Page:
Origins Available: English, Scottish
England in the wake of the Norman Conquest of 1066. The name is patronymic in origin, signifying "the son of Durant," an Old French personal name. Looking at records from this time, we found Geoffry, Roger and Henry Durant who claimed descent from Normandy c. 1180-95 while another census in 1198, lists Aceline, Ralph, Richard, and Robert Durant.
Early Origins of the Durind family
Warwickshire, Worcestershire, and Shropshire at Tong, a parish, in the union of Shiffnall, Shiffnall division of the hundred of Brimstree. "Tong Castle, the seat of the family of Durant, a magnificent mansion remodelled in the last century, is crowned with numerous turrets, pinnacles, and eight lofty domes, producing a striking effect: it contains many valuable pictures and cabinets." CITATION[CLOSE]
Lewis, Samuel, A Topographical Dictionary of England. Institute of Historical Research, 1848, Print. Another branch of the family were found at Wallingswells in the West Riding of Yorkshire. "In excavating near the house [of Sir Thomas Woolaston White], in 1829, several stone coffins were found, and amongst them that of Dame Margery Dourant, second abbess of the convent, who died in the reign of Richard I ([1189-1199)]." CITATION[CLOSE]
Lewis, Samuel, A Topographical Dictionary of England. Institute of Historical Research, 1848, Print.
Early History of the Durind family
Another 221 words (16 lines of text) covering the years 1140 and 1296 are included under the topic Early Durind History in all our PDF Extended History products and printed products wherever possible.
Durind Spelling Variations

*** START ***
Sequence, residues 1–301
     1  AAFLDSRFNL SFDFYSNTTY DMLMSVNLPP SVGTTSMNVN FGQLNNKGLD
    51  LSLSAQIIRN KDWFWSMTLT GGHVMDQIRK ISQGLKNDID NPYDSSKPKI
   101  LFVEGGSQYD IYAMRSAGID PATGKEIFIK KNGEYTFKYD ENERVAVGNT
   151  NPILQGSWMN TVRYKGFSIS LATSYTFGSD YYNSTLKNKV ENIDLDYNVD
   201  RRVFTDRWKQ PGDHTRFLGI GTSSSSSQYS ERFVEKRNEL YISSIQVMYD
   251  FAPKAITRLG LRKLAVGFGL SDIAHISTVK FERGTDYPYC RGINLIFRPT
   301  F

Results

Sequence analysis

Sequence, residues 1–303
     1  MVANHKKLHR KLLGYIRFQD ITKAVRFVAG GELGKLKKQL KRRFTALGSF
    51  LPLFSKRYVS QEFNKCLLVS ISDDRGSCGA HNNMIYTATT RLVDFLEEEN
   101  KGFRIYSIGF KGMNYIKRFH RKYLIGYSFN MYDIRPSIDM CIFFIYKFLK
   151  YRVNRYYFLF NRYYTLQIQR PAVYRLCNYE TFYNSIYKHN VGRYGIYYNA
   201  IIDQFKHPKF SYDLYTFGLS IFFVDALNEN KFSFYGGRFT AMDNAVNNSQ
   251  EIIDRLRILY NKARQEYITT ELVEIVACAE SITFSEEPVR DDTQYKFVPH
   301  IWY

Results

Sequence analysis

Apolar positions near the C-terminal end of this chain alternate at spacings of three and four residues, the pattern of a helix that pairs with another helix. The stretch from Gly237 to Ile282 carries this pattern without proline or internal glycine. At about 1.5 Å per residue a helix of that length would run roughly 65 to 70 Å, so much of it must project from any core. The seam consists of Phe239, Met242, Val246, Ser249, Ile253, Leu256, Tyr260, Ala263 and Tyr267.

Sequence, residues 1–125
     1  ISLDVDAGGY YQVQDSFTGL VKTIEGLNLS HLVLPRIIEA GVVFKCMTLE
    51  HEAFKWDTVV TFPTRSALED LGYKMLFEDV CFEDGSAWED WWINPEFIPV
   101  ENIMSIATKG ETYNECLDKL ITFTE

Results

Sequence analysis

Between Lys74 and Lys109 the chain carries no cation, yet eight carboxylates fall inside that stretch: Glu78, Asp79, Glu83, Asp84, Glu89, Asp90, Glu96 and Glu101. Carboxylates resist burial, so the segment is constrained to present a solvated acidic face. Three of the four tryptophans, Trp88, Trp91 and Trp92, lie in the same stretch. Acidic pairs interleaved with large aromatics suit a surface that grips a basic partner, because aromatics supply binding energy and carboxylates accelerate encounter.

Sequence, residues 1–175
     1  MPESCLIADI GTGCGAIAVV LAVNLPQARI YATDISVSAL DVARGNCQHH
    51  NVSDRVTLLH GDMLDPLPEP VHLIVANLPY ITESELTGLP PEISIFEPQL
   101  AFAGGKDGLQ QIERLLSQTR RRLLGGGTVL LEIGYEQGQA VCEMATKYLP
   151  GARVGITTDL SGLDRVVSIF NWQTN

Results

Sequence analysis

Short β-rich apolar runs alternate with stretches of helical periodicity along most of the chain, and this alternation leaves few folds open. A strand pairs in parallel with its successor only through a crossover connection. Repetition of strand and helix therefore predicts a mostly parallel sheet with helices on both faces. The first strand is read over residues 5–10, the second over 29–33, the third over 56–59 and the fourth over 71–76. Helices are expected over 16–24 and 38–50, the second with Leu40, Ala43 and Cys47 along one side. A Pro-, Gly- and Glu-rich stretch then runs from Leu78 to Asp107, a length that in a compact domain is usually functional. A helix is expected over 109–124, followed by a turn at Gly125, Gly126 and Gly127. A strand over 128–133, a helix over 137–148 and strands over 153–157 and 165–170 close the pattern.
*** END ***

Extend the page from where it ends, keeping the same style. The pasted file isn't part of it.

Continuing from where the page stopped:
spelling variations occurred commonly in Anglo Norman surnames. Over the years, many variations of the name Durind were recorded, including Durand, Durant, Durande, Durrane, Dant, Dante and many more.
Early Notables of the Durind family (pre 1700)
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Migration of the Durind family to the New World and Oceana
The unstable environment in England at this time caused numerous families to board ships and leave in search of opportunity and freedom from persecution abroad in places like Ireland, Australia, and particularly the New World. The voyage was extremely difficult, however, and only taken at great expense. The cramped conditions and unsanitary nature of the vessels caused many to arrive diseased and starving, not to mention destitute from the enormous cost. Still opportunity in the emerging nations of Canada and the United States was far greater than at home and many went on to make important contributions to the cultures of their adopted countries. An examination of many early immigration records reveals that people bearing the name Durind arrived in North America very early: William Durand, who settled in Virginia in 1635; George Durant, who came to North Carolina in 1661; Thomas Dant, who immigrated to Maryland in 1674; Thomas Durrant, who arrived with his wife and servants in Barbados in 1680.
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